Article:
Comptroller Plan to Impose ‘Fairness Doctrine’ for Banks Goes Against Freedom of Association

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CEI Senior Fellow John Berlau criticized a proposal by the Office of the Comptroller of the Currency (OCC) to impose a “fairness doctrine” for banks:

“The OCC’s proposal issued today to ban banks from discriminating based on political viewpoints – a ‘fairness doctrine’ for banks — is a horrific rule that would have disastrous consequences and go against the core tenet of freedom of association in the First Amendment of the Constitution. 

“Conservatives tempted to support this rule because of high-profile instances of financial services denied to customers in so-called ‘unwoke’ industries and causes should realize the rule could work against their interests, particularly under the enforcement powers of a different presidential administration. A bank with pro-life owners, for instance, could be forced to make loans to an abortion clinic. A financial institution with owners who strongly believe in capitalism could be forced to lend to a socialist web site.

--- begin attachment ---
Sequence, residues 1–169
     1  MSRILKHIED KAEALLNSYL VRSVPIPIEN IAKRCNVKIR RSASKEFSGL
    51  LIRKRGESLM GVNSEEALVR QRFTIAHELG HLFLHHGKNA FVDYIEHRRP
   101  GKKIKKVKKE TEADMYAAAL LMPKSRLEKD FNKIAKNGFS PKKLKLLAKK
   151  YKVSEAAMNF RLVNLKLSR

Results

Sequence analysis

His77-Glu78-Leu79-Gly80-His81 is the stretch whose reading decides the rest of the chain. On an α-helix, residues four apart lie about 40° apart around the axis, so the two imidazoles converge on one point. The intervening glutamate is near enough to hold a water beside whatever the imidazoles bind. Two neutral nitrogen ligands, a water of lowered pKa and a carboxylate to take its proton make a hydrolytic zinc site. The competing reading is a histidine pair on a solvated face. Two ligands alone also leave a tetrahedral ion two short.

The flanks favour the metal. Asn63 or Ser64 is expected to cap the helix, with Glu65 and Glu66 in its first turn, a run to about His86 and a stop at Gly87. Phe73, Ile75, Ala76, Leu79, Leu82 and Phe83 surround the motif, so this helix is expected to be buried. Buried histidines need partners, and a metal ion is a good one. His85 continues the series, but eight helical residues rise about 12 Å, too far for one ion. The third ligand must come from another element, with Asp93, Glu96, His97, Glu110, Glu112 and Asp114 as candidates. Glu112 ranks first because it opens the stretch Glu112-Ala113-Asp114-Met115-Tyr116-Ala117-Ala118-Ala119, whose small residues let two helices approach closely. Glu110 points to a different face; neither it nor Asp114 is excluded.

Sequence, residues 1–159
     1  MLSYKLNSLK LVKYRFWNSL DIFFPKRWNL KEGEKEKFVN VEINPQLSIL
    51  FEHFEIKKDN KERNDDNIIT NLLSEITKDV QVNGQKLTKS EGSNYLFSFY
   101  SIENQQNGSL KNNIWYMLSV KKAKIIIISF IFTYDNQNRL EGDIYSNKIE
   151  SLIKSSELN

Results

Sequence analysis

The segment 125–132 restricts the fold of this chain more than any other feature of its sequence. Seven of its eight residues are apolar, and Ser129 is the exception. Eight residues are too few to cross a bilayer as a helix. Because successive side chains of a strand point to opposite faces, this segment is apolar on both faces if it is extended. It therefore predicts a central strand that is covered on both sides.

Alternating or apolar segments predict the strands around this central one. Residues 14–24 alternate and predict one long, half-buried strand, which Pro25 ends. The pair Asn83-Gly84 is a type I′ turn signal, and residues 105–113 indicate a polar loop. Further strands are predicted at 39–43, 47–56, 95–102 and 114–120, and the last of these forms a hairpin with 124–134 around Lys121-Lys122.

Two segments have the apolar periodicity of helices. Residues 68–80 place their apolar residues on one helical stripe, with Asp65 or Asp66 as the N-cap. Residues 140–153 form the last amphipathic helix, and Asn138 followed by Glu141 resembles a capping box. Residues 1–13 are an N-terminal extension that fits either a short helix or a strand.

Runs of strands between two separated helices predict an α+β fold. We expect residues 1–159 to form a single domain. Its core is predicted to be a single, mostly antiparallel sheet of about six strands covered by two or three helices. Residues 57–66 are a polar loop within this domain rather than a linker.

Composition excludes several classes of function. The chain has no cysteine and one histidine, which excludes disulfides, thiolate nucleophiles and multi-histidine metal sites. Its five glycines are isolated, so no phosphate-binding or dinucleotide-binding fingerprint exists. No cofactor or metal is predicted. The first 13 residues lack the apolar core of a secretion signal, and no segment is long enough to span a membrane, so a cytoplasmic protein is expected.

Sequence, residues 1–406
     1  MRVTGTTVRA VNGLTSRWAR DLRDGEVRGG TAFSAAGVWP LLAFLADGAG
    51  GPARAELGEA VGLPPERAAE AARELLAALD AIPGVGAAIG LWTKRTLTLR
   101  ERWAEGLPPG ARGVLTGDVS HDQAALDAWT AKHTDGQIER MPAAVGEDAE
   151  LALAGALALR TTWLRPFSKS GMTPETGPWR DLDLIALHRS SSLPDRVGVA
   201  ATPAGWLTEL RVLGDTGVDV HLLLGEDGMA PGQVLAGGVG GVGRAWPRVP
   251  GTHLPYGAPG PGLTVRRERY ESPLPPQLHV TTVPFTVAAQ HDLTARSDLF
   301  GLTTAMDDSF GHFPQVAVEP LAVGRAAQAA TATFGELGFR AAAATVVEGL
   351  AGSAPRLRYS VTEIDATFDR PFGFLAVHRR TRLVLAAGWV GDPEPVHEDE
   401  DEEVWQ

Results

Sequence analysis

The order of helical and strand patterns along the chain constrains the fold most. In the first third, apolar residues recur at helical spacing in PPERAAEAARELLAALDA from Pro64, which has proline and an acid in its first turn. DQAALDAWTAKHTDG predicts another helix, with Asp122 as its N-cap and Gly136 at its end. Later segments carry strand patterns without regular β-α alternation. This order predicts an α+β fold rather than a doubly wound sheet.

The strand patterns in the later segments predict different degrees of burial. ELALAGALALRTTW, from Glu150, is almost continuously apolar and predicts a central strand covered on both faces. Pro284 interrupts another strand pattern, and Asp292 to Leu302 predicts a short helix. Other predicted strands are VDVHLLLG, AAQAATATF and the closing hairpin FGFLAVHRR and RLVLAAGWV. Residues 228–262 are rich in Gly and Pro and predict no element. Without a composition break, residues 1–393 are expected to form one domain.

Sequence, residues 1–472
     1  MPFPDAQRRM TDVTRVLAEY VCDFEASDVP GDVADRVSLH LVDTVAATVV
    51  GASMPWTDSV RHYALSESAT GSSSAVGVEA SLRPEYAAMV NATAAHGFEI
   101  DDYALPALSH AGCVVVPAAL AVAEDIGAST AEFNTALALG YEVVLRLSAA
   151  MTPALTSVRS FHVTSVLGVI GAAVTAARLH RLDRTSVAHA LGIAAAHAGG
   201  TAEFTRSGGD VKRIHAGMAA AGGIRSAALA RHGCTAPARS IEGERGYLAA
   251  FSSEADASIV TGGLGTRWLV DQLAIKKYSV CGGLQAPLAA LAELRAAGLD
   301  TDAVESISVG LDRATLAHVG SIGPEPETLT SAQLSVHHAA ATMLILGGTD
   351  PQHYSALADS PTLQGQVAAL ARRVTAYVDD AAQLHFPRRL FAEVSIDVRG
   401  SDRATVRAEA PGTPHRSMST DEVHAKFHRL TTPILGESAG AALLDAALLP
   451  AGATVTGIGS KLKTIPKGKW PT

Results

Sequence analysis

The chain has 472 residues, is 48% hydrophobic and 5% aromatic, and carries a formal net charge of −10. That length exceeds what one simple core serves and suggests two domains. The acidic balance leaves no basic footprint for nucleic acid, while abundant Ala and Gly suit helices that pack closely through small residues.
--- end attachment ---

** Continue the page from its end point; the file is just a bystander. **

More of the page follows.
“The rule would also be disastrous for the economy at large and result in a flood of litigation. Even if a bank denied financial services to a customer for safety and soundness reasons, it would face the burden of proving that political views played no role. This is a mandate that American banks struggling with the pandemic don’t need on top of the red tape from laws like Dodd-Frank and Sarbanes-Oxley they are already forced to deal with.

“While policy action might be warranted to clarify contractual rights among existing bank relationships with customers and prevent abrupt termination of loans and accounts, banks and other businesses should not be forced to enter new business relationships with those whom they vehemently disagree. A competitive banking system, cleared of red tape, should ensure people of many viewpoints get the financial services they desire without coercion of financial services providers.

“The OCC should withdraw this rule and expand its otherwise good record of clearing away red tape.”